Made Possible By
Arvinas CFO Sean Cassidy caught the high-growth bug early in his career. Shortly into his stint with Deloitte, Cassidy transitioned from a massive global financial services company to work with middle-market clients. He felt that he could make a more tangible difference for those companies by supporting them as they raised capital and made acquisitions. His passion led him to the life sciences industry, where Cassidy has served as the finance chief of a number of high-growth biotech and biopharma companies. In a previous stint, Cassidy helped CuraGen subsidiary 454 Life Sciences get its back office in order for a potential IPO. During his two years of guiding that effort, the business grew from 20 people to 150 employees and from zero to $70 million in revenue. “It was a very exciting time,” Cassidy remembers. “The company almost went public, but in the end it made more sense to do a strategic transaction.” The experience helped to elevate him to CuraGen’s CFO office and, more recently, to Arvinas, a biopharmaceutical company focused on developing therapeutics for cancers and other difficult-to-treat diseases. Cassidy discusses how his approach to corporate finance leadership pivots on flexibility. “You can’t be too rigid in your planning,” he adds. “Science changes on a dime.”
Guest: Sean Cassidy
Headquarters: New Haven, CT
CFOTL: What comes to mind when we ask for a finance strategic moment?
Cassidy: One of the things that you’ll see in the biopharmaceutical world is that typically companies will get bought, most of the time when they’re in the clinic, based on the success of a particular asset, right?
There’s a particular asset that’s in phase one trials, phase two trials, and a pharma company comes along, notices that and ends up buying the organization for it. What ends up happening for those companies that actually have true platforms – those platforms that are applicable to many different programs – is that there’s a lot of value that’s left on the table because the company gets acquired a bit prematurely without taking advantage of the value of the platform and other assets that may be in the portfolio.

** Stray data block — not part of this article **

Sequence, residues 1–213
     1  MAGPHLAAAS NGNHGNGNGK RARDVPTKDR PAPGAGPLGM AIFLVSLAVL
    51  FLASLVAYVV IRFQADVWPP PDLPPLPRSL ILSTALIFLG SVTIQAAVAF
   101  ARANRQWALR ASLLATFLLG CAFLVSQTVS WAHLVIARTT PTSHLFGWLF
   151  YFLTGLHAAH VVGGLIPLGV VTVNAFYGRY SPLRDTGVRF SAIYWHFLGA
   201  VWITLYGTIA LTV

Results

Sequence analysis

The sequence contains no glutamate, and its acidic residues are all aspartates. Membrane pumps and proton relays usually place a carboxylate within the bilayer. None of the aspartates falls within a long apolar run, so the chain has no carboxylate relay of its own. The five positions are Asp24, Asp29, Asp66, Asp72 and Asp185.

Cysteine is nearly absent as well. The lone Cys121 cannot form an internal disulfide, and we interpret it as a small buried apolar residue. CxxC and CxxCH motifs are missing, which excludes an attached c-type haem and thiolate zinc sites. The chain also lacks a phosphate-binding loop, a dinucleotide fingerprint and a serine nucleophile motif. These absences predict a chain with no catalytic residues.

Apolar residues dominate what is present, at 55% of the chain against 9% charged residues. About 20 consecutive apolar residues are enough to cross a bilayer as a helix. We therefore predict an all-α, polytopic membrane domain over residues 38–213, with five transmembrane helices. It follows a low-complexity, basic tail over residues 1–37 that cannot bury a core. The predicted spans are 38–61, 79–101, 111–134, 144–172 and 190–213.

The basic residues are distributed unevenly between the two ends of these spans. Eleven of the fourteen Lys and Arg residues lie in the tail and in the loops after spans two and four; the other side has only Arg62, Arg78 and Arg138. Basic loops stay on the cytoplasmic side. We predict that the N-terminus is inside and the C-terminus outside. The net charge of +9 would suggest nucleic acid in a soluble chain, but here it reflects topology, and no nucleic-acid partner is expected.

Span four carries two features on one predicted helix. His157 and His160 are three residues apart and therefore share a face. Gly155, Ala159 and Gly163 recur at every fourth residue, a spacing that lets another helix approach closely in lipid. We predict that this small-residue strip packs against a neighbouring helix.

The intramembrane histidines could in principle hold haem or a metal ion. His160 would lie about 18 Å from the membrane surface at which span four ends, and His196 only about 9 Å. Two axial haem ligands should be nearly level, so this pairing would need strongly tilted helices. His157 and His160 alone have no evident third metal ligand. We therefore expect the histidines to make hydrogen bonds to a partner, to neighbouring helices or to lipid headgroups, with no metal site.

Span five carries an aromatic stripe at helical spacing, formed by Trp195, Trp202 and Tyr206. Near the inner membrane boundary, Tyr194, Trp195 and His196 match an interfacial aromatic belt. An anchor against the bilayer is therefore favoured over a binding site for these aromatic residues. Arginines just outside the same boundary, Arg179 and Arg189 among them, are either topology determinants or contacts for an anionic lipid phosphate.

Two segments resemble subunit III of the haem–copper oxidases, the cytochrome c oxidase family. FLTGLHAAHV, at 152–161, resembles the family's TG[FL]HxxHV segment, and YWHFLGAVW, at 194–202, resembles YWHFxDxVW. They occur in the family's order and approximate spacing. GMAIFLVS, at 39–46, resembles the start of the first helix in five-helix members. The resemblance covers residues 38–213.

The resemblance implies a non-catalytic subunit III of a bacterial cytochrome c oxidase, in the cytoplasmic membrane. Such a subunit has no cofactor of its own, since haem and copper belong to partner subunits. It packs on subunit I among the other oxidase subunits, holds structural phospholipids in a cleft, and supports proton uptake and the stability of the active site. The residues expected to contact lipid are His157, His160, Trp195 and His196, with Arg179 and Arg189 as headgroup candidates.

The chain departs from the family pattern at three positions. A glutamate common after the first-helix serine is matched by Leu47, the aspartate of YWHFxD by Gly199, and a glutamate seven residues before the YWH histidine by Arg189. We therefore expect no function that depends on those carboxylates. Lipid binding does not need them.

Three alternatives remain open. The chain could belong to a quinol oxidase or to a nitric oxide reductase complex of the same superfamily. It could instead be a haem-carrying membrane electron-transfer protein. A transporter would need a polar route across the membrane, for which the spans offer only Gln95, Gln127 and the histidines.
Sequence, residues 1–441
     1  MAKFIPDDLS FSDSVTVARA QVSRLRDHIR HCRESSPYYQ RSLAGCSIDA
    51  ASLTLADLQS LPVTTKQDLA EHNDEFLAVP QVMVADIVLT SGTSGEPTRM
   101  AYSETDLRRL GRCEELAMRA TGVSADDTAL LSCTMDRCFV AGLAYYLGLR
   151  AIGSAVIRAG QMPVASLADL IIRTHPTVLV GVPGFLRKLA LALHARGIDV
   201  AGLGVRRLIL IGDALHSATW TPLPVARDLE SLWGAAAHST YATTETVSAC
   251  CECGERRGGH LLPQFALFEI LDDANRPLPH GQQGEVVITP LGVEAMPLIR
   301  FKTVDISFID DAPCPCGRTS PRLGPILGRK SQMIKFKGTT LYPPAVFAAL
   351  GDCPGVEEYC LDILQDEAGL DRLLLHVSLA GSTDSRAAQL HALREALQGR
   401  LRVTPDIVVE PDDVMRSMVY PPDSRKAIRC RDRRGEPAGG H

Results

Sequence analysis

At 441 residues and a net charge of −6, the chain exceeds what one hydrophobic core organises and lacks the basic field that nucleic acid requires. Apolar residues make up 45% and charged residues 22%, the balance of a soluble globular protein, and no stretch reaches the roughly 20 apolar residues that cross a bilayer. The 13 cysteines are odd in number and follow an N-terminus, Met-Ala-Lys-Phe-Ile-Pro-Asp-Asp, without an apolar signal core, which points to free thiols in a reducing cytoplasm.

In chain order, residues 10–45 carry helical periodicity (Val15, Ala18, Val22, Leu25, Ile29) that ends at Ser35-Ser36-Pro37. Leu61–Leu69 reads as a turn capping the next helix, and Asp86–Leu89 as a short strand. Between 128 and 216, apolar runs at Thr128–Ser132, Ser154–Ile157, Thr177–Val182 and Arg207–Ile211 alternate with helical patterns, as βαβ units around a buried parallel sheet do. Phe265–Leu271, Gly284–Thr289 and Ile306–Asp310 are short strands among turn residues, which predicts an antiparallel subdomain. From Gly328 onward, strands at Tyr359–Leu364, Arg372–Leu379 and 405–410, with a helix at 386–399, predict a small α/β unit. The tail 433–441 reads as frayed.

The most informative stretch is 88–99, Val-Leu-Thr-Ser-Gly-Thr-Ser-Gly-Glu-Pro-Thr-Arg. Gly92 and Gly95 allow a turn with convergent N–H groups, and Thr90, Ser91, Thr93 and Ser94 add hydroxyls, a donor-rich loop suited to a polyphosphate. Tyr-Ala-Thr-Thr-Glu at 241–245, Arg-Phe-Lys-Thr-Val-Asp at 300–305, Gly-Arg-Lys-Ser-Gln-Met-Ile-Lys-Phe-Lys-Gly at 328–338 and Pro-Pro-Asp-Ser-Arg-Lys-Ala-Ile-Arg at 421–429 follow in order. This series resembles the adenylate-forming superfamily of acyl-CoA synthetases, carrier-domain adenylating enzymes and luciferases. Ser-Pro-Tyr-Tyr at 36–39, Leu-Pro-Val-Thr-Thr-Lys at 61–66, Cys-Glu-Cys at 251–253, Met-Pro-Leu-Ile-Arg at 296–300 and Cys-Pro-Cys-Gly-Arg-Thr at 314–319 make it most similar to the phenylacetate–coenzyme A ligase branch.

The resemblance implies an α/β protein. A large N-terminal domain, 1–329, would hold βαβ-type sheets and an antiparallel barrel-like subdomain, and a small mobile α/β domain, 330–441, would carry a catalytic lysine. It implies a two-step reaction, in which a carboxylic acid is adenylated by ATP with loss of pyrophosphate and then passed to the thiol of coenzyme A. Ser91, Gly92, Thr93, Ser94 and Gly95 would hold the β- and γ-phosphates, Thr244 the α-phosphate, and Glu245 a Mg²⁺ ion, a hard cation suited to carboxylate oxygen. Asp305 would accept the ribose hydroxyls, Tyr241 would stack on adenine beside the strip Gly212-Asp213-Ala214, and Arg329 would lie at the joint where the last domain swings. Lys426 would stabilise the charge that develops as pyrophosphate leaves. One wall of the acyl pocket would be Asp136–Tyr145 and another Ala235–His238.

So we looked at that particular scenario and at one actually that is used in the oil and gas industry: a corporate structure in which we actually put a limited liability holding company as the parent company. And then as programs matured, we set up separate C-corps for each of those particular programs.
Now what does that allow us to do? It sent a message out to the marketplace that the company wasn’t for sale, but it did send this message out to the marketplace: “You should start looking at these particular assets, in the event that you’d like to acquire them.” And why would you go through all that work? Because the efficiency with which you can return capital to your investors is much greater under that structure than it would be in a single C-corp scenario. So it’s a corporate structure that is really starting to take hold here in the biopharmaceutical area for those companies that are platform-based companies, such as Arvinas.
Subscribe to CFO Thought Leader